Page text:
How pilots have survived Covid travel slump

Downsized commercial airline pilots are turning to medical evacuation work, truck driving and even warehouse jobs to feed their families during the cataclysmic drop in air travel over the past year.

The $1.9 trillion coronavirus relief package passed Wednesday contained $15 billion in payroll support for airlines, extending that program until the end of September. That’s on top of the $50 billion provided to the industry in previous stimulus packages.

It’s a welcome relief for a beleaguered industry that saw passenger totals drop 60 percent during 2020, according to recent figures from the International Civil Aviation Organization, a United Nations agency.

But it’s too little, too late for many pilots who were already placed on furlough, nudged out of the cockpit and forced to get creative with their income.

Pilots interviewed by NBC News said they have been holding on, trying to make ends meet in whatever way they can, while holding out hope that vaccines, declining infection rates and pent-up consumer demand will usher in a brighter tomorrow, eventually.

Joshua Walden, 32, of Phoenix, says he was one of the lucky ones. His employer, Compass Airlines, a regional carrier for several larger airlines, completely shut down in March after losing its major contract.

He immediately began “shotgunning” résumés to friends and family, which led to one landing on the desk of a chief pilot who was hiring. Within a week, Walden was medevacing Covid-19 patients out of Arizona’s Show Low Regional Airport, near several Native American reservations.

He took a pay cut. He also had three separate Covid-exposure events, took 23 Covid-19 tests and two of his roommates got the coronavirus. He did not. But the gratification he got from pitching in was worth it, Walden said.

“I could choose to be a victim of my circumstance — or get out there and go fly medevac,” he said.

After getting laid off from a commercial airline in March, pilot Joshua Walden said he was lucky to land a job doing medevac duty during the pandemic at a small regional airport in Arizona near several Native American reservations.Courtesy Joshua Walden

Pilots who got their notice later in the pandemic fared worse, hitting the job market en masse, with fierce competition for the best jobs. The preferred gigs involved flying, from cargo planes to flight instruction to charter jets.

If that failed, pilots started to look for other work that involved their main skill set: steering a piece of heavy machinery around. Some ended up in trucking, mining or rail transportation.

Others have gotten by however they can.

“I’ve been burning through savings and using SNAP and partial unemployment to keep a roof over my family’s head and food on the table,” David Venci, a pilot for a low-cost carrier, said in an email. “The company has paid us minimum training pay.”

Further down the experience list, pilots took whatever jobs they could.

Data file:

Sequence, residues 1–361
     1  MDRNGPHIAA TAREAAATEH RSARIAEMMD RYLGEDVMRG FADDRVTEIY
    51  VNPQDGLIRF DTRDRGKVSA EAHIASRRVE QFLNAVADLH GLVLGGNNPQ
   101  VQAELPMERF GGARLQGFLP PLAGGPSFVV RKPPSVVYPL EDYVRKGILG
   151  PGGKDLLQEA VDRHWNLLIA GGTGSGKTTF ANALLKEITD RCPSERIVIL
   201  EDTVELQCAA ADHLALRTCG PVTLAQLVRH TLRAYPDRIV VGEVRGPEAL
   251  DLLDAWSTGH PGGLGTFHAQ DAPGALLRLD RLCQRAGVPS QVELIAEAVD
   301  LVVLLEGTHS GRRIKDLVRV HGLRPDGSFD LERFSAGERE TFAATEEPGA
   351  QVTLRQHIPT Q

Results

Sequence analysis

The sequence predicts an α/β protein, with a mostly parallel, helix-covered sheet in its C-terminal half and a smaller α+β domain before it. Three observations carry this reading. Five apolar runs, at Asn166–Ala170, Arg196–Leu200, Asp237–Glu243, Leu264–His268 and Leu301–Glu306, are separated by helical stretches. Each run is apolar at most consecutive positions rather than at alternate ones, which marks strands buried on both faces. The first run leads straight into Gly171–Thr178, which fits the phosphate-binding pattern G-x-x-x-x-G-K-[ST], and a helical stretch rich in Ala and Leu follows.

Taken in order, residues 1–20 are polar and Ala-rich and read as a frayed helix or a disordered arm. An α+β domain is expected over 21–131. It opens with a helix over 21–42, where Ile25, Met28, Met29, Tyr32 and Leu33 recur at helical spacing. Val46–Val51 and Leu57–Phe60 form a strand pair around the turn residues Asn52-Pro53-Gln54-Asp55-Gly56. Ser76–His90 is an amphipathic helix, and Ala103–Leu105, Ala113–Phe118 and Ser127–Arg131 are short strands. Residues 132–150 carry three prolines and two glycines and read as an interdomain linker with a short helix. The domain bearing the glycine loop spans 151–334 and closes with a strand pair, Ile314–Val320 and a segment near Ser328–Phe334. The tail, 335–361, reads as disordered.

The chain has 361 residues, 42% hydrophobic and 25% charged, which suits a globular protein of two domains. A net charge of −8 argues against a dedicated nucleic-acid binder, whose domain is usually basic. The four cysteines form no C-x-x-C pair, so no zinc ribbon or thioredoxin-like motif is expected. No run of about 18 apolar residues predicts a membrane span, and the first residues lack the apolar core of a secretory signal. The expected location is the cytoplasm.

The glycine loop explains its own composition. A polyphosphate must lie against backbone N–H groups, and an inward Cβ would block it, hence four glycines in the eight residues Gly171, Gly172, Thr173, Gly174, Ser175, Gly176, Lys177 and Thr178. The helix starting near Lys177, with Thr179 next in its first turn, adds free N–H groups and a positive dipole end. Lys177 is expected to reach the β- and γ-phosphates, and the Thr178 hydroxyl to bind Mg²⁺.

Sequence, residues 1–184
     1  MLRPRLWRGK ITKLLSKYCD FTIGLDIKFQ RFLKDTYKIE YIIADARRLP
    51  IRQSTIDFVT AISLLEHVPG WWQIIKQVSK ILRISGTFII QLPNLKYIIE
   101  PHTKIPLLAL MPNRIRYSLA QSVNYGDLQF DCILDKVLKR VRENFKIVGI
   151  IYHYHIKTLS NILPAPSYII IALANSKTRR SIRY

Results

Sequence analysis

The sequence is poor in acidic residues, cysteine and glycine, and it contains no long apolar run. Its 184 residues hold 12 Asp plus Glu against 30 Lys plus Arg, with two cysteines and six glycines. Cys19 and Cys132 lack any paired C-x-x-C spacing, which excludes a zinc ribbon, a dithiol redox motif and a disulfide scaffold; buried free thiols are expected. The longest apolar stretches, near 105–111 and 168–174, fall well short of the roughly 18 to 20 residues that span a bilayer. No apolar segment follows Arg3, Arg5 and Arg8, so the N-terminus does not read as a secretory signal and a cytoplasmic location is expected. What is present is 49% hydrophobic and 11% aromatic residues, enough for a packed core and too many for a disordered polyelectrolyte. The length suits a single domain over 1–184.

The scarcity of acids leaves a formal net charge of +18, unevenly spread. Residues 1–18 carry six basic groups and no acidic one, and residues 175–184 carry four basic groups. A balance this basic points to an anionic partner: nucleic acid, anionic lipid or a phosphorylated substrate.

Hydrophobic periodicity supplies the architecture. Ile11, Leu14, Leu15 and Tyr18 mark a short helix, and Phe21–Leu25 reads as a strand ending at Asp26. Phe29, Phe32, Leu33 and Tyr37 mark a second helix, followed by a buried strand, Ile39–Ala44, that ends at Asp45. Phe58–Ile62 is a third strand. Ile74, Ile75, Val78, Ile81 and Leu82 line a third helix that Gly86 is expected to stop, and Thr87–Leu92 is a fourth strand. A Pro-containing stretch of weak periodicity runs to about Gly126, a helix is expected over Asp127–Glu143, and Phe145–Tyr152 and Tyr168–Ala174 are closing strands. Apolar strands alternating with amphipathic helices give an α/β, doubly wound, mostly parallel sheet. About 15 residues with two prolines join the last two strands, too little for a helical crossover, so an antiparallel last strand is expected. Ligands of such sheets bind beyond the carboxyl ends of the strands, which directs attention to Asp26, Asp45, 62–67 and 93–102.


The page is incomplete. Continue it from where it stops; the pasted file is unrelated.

“The [flight] school I used to work for closed down, and other schools are filled up with airline pilots who were furloughed, which gives newer people like myself slim chances,” said a 26-year-old former flight instructor and father of one, who spoke on the condition of anonymity to preserve his job prospects.

“I work at Lumber Liquidators now as an assistant manager,” he said. “I can’t afford to sit and wait for a flying job to come around, so I chose this to pay the bills in the meantime.”

Airlines say they’re doing what they can and are reliant on vaccination efforts, government support and guidance as they make recovery efforts.

“We are grateful to governments — including the U.S. — that have stepped up to help protect workers’ jobs with payroll support and other measures,” Perry Flint, spokesperson for IATA, an airline trade association, said in an email. “Now, as testing and vaccination programs gather pace, we need governments to build and share their plans, benchmarks and timetables for reopening borders to travel.”

While the airline industry is used to weathering ups and downs, aviation still comes with a certain cosmopolitan mystique. You get to ride the skies and see new places. But time away from home, dealing with management and regulations, and high upfront out-of-pocket training costs can all take a toll. As does the uncertainty that you might get furloughed during the next downturn.

So until effective and widespread vaccinations among the traveling public is achieved, aviation will likely continue to suffer.

“The solution is social isolation. And that’s the antithesis of aviation,” said Adam Pilarski, senior vice president at Avitas, an aviation consultancy.

He predicts the industry will return to its 2019 levels by 2024. But even then, pilots will face significant headwinds. Business travel, the primary driver of profits for airlines, may be forever dented by the more widespread use of video conferencing and other technologies popularized during the pandemic. And pressure will only grow for expanding the use of automation.

“If we fly the same number of people in early 2024 as we did in 2018, how many additional pilots do you need?” he said. “The answer is not that many. As negative as it sounds, we can’t pretend that it’s different.”